Back in February, I pulled out the Heinz (HNZ) Stock Analysis and ended-up with a mild interest for this stock. In fact, HZN does fit in a dividend portfolio if you are looking for stability with a relatively safe dividend payout. Considering its yield, I think it would please many investors. However, I don’t see much growth potential over the years to come and this is why I wasn’t that enthusiastic towards the stock. Today, I’m taking a look at Campbell Soup (CPB) to see if the soup could be warmer than the ketchup .
CPB Campbell Soup Stock Description:
Since 1869, Campbell Soup has created a huge company operating in the food industry. CPB is a manufacturer, marketer and distributor of food products. Among their most popular brands, we find Campbell’s (soup, chunky and sauces), V8 juices, Pepperidge Farm (breads and cookies) and Prego Italian sauce. The company is divided into 4 segments of operation: Simple meals (soup and sauce), Beverages (V8), Baking & Snacking (Bread and cookies) and international segment (which regroup simple meals, beverages and baking & snacking for overseas markets). Campbell Soup is the largest soup producer with 60% of the market share. They offer their products across 120 countries.
CPB Campbell Soup Stock Graph
CPB Campbell Soup Ratios and Financial Info:
|Ticker||CPB US Equity|
|Name||Campbell Soup Co|
|Current Dividend Yield||3.67|
|5 year Dividend Growth||8.83|
|1 year Dividend Growth||4.04|
|Sales Growth (1 year)||0.56|
|Sales Growth (5 year)||0.09|
|Return on Equity||79.05|
|Debt to Capital Ratio||0.3|
CPB Campbell Soup Technical Analysis
CPBis trading on a strong uptrend as compared to HZN.
CPB Campbell Soup Upcoming opportunities and dangers:
A similar challenge to Heinz is faced by Campbell. They are both well-established companies with important market shares with their main products (Campbell Soup vs. Heinz Ketchup). CPB strategy is obviously to benefit from its strong position in North America to use its cash flow to grow in emerging markets. While massively investing in China and Russia (which represent more than 50% of worldwide soup consumption), they expect to be profitable by 2014. CPB is actually in a partnership with Coca-Cola (KO) to develop these markets. They can also benefit from Wal-Mart (WMT) expansion as they are their biggest client.
Campbell’s ability to adapt is currently rewarding them pretty well. They were able to benefit from the health choice shift in the food business by providing healthy soup with less sodium. Their microwave brand is also a big hit among their younger customers. One of CPB’s strategies is actually to extend their existing brands with new healthier products. I think it will do fine over the years as we are definitely not going backwards concerning the healthy food shift.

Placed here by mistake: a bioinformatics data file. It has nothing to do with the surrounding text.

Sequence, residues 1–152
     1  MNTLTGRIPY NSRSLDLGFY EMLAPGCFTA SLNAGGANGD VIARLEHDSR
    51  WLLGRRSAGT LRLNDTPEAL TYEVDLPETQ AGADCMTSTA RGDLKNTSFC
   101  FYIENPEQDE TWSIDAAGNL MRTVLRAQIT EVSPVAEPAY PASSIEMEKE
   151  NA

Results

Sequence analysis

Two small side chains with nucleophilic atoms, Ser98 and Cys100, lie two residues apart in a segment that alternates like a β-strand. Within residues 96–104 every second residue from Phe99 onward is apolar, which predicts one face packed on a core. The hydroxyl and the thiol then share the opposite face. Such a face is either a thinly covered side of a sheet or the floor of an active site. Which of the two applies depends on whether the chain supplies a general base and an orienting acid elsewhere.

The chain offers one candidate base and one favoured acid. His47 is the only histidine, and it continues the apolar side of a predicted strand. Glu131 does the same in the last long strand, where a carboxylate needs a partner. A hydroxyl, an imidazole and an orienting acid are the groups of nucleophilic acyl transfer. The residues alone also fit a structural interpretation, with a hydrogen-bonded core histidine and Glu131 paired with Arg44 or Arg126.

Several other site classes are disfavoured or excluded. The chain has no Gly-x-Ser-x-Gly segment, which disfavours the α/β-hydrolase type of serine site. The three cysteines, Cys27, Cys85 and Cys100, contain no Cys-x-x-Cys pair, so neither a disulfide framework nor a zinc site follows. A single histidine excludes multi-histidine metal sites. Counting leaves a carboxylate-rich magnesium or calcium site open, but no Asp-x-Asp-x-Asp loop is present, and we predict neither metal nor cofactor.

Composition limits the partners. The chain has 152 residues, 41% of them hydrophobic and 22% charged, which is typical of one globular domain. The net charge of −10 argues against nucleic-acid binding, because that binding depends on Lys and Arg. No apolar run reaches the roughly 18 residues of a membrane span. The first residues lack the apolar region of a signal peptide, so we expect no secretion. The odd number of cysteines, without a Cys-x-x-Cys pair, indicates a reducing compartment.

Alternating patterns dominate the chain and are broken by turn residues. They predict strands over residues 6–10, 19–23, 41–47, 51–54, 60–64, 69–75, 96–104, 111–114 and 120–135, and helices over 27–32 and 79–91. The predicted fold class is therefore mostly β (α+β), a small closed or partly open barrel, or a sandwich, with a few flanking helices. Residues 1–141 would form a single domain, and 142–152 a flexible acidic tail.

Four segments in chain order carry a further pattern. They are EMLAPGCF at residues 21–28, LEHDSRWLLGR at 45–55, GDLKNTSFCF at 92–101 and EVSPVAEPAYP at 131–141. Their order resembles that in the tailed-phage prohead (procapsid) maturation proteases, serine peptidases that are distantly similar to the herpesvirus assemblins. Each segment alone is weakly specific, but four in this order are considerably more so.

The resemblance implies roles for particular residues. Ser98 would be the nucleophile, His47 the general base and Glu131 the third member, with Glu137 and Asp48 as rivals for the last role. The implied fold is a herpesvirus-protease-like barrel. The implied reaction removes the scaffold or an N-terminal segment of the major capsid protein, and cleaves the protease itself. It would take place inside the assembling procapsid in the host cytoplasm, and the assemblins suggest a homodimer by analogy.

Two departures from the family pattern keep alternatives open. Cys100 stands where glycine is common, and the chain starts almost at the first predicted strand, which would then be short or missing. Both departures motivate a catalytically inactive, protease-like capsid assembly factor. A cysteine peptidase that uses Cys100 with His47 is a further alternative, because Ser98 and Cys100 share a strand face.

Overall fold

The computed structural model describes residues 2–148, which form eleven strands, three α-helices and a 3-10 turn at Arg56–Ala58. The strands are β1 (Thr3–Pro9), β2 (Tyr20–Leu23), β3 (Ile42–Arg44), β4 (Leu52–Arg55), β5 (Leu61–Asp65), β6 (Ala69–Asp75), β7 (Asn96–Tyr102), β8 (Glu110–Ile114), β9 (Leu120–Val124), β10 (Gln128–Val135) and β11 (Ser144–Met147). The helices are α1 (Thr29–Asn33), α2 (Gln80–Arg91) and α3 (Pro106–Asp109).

However, the slow, read non-existent, sales growth is worrying me. If the soup is that strong and investing that much money into emerging markets, how come we don’t see a more steady growth over the years? Part of the answer to this question is linked to CPB’s smaller presence in international markets compared to its competitors. Unfortunately, the company still expects a 0 to 2% growth.
After an unsuccessful bet on internal growth (expanding its brand and creating new products) that served to maintain sales instead of growing them,CPB is now looking for an acquisition. This could be interesting over the long term, especially if CPB is able to acquire some international brands to strengthen its position oversees.
CPB vs HZN
When we look at both CPB and HZN financial ratios, we see a lot of similarities:
- Dividend Yield (3.67% vs. 3.73%)
- Dividend Growth (8.83% over 5 years vs. 6.96%)
- Debt to Capital Ratio (0.30 vs. 0.31)
And then, we see a few differences:
- Sales Growth (0.09% over 5 years vs. 5%)
- Dividend Payout Ratio (47.2% vs. 58.23%)
- Return on Equity (79.05% vs. 39.58%)
- P/E ratio (12.44 vs. 16.46)
I’m under the impression that we are facing 2 stocks in a similar industry with a similar challenges. It’s a good thing that they don’t offer similar products. The difference in the P/E ratio is probably due to HZN sales growth (5% vs. 0.09% for CPB). Nonetheless, it seems to be a very similar play if you have money left in your investment account.
Final Thoughts on CPB Campbell Soup
When I look at both companies, I can’t really say which one will be a winner. In fact, after this analysis, I definitely prefer General Mills (GIS). But if you are hesitating between HZN and CPB, I would say that you can’t really go wrong with either one of these. On the other hand, expect healthy dividend payouts with a timid stock appreciation.
If I had a knife to my throat and had to pick one of these, I would go for CPB for 2 reasons:
- Lower P/E ratio (e.g. more room for stock growth)
- Upcoming acquisition possibility (low payout ratio and additional financing has been obtained in order to look for acquisition)
Disclaimer: I do not hold HZN, CPB and GIS.